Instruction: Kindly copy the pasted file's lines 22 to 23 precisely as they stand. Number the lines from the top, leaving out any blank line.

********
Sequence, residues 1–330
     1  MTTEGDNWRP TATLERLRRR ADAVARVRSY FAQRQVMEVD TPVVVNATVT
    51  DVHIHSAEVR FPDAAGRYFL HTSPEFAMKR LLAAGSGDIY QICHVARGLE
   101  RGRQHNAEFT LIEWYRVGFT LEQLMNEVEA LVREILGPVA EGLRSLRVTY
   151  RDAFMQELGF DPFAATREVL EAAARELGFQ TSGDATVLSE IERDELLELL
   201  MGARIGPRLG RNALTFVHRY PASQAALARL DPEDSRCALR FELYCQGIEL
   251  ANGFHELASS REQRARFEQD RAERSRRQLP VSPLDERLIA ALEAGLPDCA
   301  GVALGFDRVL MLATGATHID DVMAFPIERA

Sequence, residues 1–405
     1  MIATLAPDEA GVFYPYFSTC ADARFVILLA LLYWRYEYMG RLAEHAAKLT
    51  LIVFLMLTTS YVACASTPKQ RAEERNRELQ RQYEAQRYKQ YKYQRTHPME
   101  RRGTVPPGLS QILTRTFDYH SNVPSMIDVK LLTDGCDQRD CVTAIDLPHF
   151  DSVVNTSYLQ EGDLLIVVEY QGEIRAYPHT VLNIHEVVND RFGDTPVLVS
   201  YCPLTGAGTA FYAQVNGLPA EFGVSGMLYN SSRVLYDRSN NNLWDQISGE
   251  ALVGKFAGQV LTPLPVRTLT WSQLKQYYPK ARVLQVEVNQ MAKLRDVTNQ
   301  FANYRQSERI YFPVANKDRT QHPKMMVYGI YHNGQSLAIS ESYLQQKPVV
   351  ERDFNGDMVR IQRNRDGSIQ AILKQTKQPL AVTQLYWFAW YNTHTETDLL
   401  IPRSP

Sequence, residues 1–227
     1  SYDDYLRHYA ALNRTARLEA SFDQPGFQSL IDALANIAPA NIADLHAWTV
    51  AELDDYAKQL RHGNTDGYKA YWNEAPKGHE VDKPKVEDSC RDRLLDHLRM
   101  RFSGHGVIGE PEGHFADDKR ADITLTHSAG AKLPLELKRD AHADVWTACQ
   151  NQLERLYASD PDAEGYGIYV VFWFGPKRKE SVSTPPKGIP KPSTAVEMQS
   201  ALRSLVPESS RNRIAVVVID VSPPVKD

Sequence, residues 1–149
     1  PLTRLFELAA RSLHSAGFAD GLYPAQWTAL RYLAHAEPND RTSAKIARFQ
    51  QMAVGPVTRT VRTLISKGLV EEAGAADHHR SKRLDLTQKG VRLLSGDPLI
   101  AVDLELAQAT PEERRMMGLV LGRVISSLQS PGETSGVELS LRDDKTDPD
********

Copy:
   101  RFSGHGVIGE PEGHFADDKR ADITLTHSAG AKLPLELKRD AHADVWTACQ
   151  NQLERLYASD PDAEGYGIYV VFWFGPKRKE SVSTPPKGIP KPSTAVEMQS